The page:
If you think that the annual CES is about audio, you're in the vast minority. The figures of a recent NY Times feature tell a very different story. Profiling attendance costs for a technology company, "...it starts with $24,500 for reserving 700 square feet of booth space on the sprawling convention center floor, tens of thousands more to furnish and operate the booth, plus $300 a night for hotel rooms for each of the 29 Diego employees who are attending the convention. Then there is the cost of rental vans, thousands of dollars to advertise at the show and meals for employees. The eight-year-old company, which makes gear and software for home entertainment, estimates that it will spend $500,000 to $1 million on the show this year."

If you look at the keynote speakers which traditionally usher in the event, the presence of Microsoft, Dell and Disney merely underscore that the big money isn't written in hi-end audio - not that anyone really believed that anyway. According to the Times articles, CES "provides more than $80 million in revenue for the Consumer Electronics Association, an industry trade group and lobbyist." Meanwhile, "the Las Vegas Convention and Visitors Authority estimates that 140,000 attendees and 2,700 exhibiting companies will pump about $230 million into the city economy this year, 40 percent more than the show generated in 2001."

The article goes on to break down the madness that is exhibiting at CES further, itemizing a number of hidden costs which would not occur to the average attendee wondering why his favorite company wasn't there or didn't show off in a ball room-sized venue. Then there are the shit-happens mishaps. They can range from merely annoying to catastrophic. Shipments get speared by forklifts, high-priority deliveries rejected by hotel clerks who fail to read closely enough to realize that the addressee is a guest who put his room number on the shipping papers. Both this and more happened to OnTrack Audio who endeavored to show off their new Directorate Loudspeaker System and persevered with the assistance of helpful fellow manufacturers.

2007 saw the Alexis Park replaced by the Venetian, a more expensive if also more upscale venue that's further bedeviled -- for show purposes -- by a large-scale casino and overloaded elevators which can't be bypassed when many exhibits are on the 29th floor. One of the Alexis Park's attractions was not having to walk through or around a smoke-filled casino. Reports about the Venetian as venue vary. SoundStage! Editor Marc Mickelson reported very favorable responses from exhibitors while some manufacturers reported to us that they won't attend again in preference of the RMAF show in Denver. Certain manufacturers had told us ahead of time that the split-level rooms in the Venetian weren't suitable for their purposes. They'd be at the St. Tropez of T.H.E. Show instead, fully aware that now being outside the formal CES perimeter of Venetian, Sands and Convention Center, they might suffer reduced attendance. Other manufacturers took a year out to let management sort out first-year issues with the Venetian and quiz fellow makers post-CES on whether to attend again next year or not.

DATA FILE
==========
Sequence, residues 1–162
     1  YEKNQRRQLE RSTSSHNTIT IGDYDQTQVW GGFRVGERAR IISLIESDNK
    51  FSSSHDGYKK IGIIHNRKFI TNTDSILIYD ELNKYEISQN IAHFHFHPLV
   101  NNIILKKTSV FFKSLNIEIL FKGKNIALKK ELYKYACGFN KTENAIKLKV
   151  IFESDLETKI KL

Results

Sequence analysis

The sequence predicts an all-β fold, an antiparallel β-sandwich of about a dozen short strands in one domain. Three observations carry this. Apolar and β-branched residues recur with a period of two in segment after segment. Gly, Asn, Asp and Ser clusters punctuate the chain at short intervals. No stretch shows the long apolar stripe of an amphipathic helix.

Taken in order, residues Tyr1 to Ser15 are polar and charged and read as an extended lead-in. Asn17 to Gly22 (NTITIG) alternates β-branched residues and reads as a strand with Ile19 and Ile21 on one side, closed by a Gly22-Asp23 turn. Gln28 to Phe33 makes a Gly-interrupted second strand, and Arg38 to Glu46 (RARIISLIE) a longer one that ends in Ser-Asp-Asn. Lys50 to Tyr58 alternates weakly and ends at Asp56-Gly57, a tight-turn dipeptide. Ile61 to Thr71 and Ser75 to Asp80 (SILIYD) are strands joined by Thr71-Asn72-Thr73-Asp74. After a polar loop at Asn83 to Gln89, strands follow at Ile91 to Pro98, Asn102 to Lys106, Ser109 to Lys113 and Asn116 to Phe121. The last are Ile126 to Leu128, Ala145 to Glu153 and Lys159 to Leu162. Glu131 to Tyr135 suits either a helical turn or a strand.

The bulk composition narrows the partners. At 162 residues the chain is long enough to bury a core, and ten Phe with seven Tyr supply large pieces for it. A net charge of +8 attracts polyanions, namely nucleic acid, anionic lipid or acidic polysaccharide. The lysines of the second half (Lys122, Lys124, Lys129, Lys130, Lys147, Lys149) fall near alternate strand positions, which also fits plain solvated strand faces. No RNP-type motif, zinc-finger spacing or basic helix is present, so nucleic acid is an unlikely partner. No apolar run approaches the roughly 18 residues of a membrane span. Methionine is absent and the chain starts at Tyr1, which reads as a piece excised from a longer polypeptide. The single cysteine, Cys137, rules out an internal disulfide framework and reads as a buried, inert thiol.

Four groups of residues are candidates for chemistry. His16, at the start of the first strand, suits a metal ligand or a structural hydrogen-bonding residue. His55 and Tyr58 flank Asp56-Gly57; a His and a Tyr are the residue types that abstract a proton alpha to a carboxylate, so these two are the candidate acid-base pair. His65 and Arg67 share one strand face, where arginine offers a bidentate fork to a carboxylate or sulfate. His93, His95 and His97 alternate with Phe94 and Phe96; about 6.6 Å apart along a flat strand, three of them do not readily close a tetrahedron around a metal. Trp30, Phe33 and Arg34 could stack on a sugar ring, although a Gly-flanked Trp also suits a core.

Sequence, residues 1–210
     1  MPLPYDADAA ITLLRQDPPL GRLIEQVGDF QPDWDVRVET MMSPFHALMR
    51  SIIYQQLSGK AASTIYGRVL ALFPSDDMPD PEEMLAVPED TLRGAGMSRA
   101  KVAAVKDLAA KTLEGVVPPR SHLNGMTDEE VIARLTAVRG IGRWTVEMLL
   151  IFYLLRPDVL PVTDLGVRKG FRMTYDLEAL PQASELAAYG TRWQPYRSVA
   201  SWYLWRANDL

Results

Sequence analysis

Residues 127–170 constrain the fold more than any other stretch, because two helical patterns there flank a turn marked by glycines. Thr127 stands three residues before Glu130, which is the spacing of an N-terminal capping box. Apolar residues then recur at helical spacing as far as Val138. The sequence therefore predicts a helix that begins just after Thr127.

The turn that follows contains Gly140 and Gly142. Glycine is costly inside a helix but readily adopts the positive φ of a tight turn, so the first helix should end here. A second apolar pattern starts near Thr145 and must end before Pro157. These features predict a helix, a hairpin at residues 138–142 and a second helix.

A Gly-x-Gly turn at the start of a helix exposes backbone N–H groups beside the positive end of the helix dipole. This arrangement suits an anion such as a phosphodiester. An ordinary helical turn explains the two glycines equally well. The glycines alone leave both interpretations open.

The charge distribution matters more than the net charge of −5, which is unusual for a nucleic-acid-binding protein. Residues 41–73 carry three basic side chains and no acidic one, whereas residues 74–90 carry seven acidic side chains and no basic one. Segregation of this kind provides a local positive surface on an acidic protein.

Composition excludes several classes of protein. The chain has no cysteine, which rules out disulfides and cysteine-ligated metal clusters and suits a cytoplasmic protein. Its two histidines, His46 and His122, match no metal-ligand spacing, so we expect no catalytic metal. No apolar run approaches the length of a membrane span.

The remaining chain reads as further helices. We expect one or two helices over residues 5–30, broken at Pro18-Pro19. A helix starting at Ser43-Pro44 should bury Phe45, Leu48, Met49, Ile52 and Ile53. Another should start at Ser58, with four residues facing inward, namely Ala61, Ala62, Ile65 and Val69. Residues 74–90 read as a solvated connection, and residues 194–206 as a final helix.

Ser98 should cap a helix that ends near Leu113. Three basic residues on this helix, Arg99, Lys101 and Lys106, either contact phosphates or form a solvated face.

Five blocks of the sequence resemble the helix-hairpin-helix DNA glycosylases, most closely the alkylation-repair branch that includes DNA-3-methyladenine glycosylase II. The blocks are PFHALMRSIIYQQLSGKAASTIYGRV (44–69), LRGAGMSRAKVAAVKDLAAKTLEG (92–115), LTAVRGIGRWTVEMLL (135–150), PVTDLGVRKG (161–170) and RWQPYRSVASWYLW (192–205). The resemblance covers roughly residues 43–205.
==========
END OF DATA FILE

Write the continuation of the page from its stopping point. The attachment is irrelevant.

No matter how you slice it, hi-end 2-channel audio is the least important segment of CES. Despite the very best efforts by the organizers to create a dedicated venue that's suitable for active demos, our interests at this event are really a fifth-wheel affair. The flip side is that CES, first and foremost, is an opportunity for manufacturers to meet their existing distributors all in one place and court new ones. To seek out the five or ten exhibits that may make up any given importer's portfolio is a far lesser challenge than it is for the press to attempt covering everything - which would have to include many offboarders and has become de facto impossible. Offboarding in non-CES hotels is a long-standing tradition. It works beautifully for that business aspect which focuses on established distribution. Your expected visitors aren't as pressed for time. They actually appreciate the more isolated nature of your exhibit which is freer from distractions. When it comes to attracting new distributors however who are now expected to go out of their way to find you, it's far less convenient. Ditto for the press.

6moons didn't cover CES this year. My present location in the Mediterranean makes access quite inconvenient and present airline security for overseas flights to the US merely compounds matters. Those on my staff based in America who've been to Las Vegas in years past expressed no interest to formally do it again. Considering how many US publications alone cover the Consumer Electronics Show -- the Primedia books, The Absolute Sound, PFO, SoundStage, ETM, StereoTimes, Audio Federation, AudioXsell, forum participants and more -- I'd rather focus on EU and Asian events now. Those are more out of the way for US-based correspondents and thus less extensively covered. Remember, the press at large is expected to finance its own show reports. What to cover isn't merely a function of interest and time. It also becomes a matter of expense. It's the rare show organizer who is sympathetic to this and offers to cover travel and hotel expenses.

What you can expect from us this year is coverage of the Munich show; at least one Asian show still to be determined; and assorted reports of smaller European events and factory tours. There's little benefit or attraction to having all the press cover all the same events. Hence we'll take advantage of our present location to explore certain paths less traveled.